How I Melbourne: Emma Hakansson

Published on 27 June 2022

Photo: Emma Hakansson

Emma Hakansson is first and foremost, an activist. Her mission? To extend our circle of compassion beyond our own backyards.  

Her new book, How Veganism Can Save Us, investigates the impact animal agriculture is having on our environment and waterways, as well as our personal wellbeing and mental health.

My local is Brother Bon, because it’s so close to my place and I love eating somewhere that has so many classic and delicious vegan meals, and that pays their staff award rates. It’s the sort of place I think a lot of non-vegie eaters might walk past, but that people always go back to once they’ve tried it. 

I know I’m in Melbourne when I can get a great bánh mì pretty much wherever I am. 

In the mornings you’ll find me walking my sweet senior dog, Bella, around All Nations Park in Northcote – always helps me get into a good mood for the day. 

My defining food moment in Melbourne was probably the first time I went to Brunswick Street as a teenage vegan living on the south side. Realising how much good food there was for me to eat – including from places that had been around and making plant-based food since I was a toddler – was very exciting. 

My favourite place to stock up on supplies is my local grocer and supermarket. Not the most interesting answer, but I’m a simple gal. I also really enjoy going to the Indian and Chinese grocers in Preston with my partner who always tries new flavours when he cooks. 

The best new thing I’ve found is Sable. They’ve opened up their Thornbury location where Lentil as Anything used to be, and each week they have a different plant-based gnocchi – the first time I went I had the most decadently creamy gnocchi carbonara, and it was very, very good. 

When I want to push the boat out on a meal, I go to Lona Misa. Shannon Martinez’s food is delicious no matter where you go, but the Latin-influenced food here is something else.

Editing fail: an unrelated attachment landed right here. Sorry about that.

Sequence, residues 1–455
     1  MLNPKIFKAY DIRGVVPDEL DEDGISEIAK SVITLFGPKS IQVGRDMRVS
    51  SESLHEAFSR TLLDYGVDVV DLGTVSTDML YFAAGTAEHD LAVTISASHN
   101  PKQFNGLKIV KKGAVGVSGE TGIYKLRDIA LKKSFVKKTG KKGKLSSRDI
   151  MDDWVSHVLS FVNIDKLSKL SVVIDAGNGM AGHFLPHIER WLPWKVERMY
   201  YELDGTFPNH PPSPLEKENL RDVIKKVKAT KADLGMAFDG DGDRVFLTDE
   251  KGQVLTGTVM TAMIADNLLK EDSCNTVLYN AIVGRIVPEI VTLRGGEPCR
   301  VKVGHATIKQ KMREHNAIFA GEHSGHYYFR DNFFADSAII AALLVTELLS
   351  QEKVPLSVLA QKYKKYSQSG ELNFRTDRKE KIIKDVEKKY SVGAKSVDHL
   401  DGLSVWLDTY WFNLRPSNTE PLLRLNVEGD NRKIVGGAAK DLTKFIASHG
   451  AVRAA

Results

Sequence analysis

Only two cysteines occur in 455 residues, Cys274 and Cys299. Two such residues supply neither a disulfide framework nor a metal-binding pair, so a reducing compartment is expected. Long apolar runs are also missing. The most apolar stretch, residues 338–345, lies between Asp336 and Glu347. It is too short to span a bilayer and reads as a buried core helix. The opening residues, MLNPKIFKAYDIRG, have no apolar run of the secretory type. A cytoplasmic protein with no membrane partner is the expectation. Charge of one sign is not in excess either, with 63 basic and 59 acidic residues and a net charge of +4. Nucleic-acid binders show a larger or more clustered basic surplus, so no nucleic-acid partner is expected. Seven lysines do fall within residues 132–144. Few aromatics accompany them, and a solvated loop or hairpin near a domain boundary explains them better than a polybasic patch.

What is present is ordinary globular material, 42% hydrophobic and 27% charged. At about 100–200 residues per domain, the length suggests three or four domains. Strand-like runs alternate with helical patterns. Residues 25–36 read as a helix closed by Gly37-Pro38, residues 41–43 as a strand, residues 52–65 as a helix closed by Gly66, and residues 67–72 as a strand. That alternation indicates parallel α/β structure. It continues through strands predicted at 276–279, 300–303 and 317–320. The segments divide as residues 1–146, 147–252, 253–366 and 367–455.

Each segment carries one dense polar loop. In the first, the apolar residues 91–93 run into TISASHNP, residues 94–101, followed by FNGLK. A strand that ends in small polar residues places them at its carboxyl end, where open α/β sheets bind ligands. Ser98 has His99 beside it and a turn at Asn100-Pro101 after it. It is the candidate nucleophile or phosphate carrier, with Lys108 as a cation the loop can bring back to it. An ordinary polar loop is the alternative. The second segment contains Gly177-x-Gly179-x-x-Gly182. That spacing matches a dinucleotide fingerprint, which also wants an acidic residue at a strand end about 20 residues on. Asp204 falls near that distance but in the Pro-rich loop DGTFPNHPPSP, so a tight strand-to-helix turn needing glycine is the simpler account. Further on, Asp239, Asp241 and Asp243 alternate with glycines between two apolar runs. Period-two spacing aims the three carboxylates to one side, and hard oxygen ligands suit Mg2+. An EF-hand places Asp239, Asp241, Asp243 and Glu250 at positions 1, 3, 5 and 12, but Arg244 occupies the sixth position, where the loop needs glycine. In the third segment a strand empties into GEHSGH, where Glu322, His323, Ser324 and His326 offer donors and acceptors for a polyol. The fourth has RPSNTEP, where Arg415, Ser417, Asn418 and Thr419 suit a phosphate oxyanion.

When I want to dazzle friends from out of town, I like to eat some Smith & Deli pastries and sandwiches or a Union Kiosk jaffle. Maybe toasties don’t sound the most “dazzling” but I like that pace.

When I want to drink something Victorian, my first choice is La Bohème’s Act Two dry rosé from the Yarra Valley (I’m not ashamed to be a big, basic rosé fan) if I’m drinking alcohol. If I’m not, apple or pear juice from Harcourt Apples. I grew up spending a lot of time in Barker’s Creek – I still do – and love it.

There’s no better value in Melbourne than La Panella – the best classic bakery for affordable croissants, doughnuts, raspberry tarts, custard slices, pies, sausage rolls, lamingtons and everything else – but vegan. 

If I could change one thing about eating and drinking here it would be to get it all going vegan. We can’t afford to keep eating animals – including fish – as well as dairy and eggs like we do. We’re in a climate crisis, we’re facing zoonotic disease spread, and we’re causing immense suffering. The food we eat plays a huge role in transforming our world for the better. 

But the one thing I hope never changes in Melbourne is the diversity of culture in food that’s only growing. 

How Veganism Can Save Us by Emma Hakansson is out now via Hardie Grant Books, and will be available nationally online and in stores from 6 July. Follow Emma at @hakamme.


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